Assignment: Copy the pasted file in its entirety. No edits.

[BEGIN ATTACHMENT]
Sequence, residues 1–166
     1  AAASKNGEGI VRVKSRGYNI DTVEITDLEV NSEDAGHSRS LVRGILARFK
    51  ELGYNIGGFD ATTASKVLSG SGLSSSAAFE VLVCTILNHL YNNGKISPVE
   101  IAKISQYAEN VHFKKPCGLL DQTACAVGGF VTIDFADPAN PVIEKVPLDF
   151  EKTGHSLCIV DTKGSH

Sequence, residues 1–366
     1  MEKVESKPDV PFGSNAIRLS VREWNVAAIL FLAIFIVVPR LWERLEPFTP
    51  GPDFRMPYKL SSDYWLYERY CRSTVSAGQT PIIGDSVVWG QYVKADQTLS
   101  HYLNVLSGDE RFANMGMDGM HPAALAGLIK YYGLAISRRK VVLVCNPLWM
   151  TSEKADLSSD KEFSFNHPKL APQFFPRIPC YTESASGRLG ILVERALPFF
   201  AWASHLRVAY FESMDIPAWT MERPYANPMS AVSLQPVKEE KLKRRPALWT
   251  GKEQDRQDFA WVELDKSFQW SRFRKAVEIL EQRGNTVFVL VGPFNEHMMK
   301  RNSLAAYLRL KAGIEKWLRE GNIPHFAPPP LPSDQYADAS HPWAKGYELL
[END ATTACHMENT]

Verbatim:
Sequence, residues 1–166
     1  AAASKNGEGI VRVKSRGYNI DTVEITDLEV NSEDAGHSRS LVRGILARFK
    51  ELGYNIGGFD ATTASKVLSG SGLSSSAAFE VLVCTILNHL YNNGKISPVE
   101  IAKISQYAEN VHFKKPCGLL DQTACAVGGF VTIDFADPAN PVIEKVPLDF
   151  EKTGHSLCIV DTKGSH

Sequence, residues 1–366
     1  MEKVESKPDV PFGSNAIRLS VREWNVAAIL FLAIFIVVPR LWERLEPFTP
    51  GPDFRMPYKL SSDYWLYERY CRSTVSAGQT PIIGDSVVWG QYVKADQTLS
   101  HYLNVLSGDE RFANMGMDGM HPAALAGLIK YYGLAISRRK VVLVCNPLWM
   151  TSEKADLSSD KEFSFNHPKL APQFFPRIPC YTESASGRLG ILVERALPFF
   201  AWASHLRVAY FESMDIPAWT MERPYANPMS AVSLQPVKEE KLKRRPALWT
   251  GKEQDRQDFA WVELDKSFQW SRFRKAVEIL EQRGNTVFVL VGPFNEHMMK
   301  RNSLAAYLRL KAGIEKWLRE GNIPHFAPPP LPSDQYADAS HPWAKGYELL